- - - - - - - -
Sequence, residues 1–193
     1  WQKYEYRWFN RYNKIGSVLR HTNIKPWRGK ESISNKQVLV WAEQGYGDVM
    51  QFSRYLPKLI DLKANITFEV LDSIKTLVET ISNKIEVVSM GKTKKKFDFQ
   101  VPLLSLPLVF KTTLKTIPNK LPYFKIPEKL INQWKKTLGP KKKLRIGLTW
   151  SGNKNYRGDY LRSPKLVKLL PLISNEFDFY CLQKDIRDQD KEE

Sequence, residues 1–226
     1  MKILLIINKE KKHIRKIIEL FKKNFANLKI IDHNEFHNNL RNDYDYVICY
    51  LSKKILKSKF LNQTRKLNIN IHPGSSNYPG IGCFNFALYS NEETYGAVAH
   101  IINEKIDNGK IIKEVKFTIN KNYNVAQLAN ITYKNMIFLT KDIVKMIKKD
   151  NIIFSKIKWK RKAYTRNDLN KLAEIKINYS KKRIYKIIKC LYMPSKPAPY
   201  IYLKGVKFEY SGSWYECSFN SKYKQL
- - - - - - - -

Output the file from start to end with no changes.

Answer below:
Sequence, residues 1–193
     1  WQKYEYRWFN RYNKIGSVLR HTNIKPWRGK ESISNKQVLV WAEQGYGDVM
    51  QFSRYLPKLI DLKANITFEV LDSIKTLVET ISNKIEVVSM GKTKKKFDFQ
   101  VPLLSLPLVF KTTLKTIPNK LPYFKIPEKL INQWKKTLGP KKKLRIGLTW
   151  SGNKNYRGDY LRSPKLVKLL PLISNEFDFY CLQKDIRDQD KEE

Sequence, residues 1–226
     1  MKILLIINKE KKHIRKIIEL FKKNFANLKI IDHNEFHNNL RNDYDYVICY
    51  LSKKILKSKF LNQTRKLNIN IHPGSSNYPG IGCFNFALYS NEETYGAVAH
   101  IINEKIDNGK IIKEVKFTIN KNYNVAQLAN ITYKNMIFLT KDIVKMIKKD
   151  NIIFSKIKWK RKAYTRNDLN KLAEIKINYS KKRIYKIIKC LYMPSKPAPY
   201  IYLKGVKFEY SGSWYECSFN SKYKQL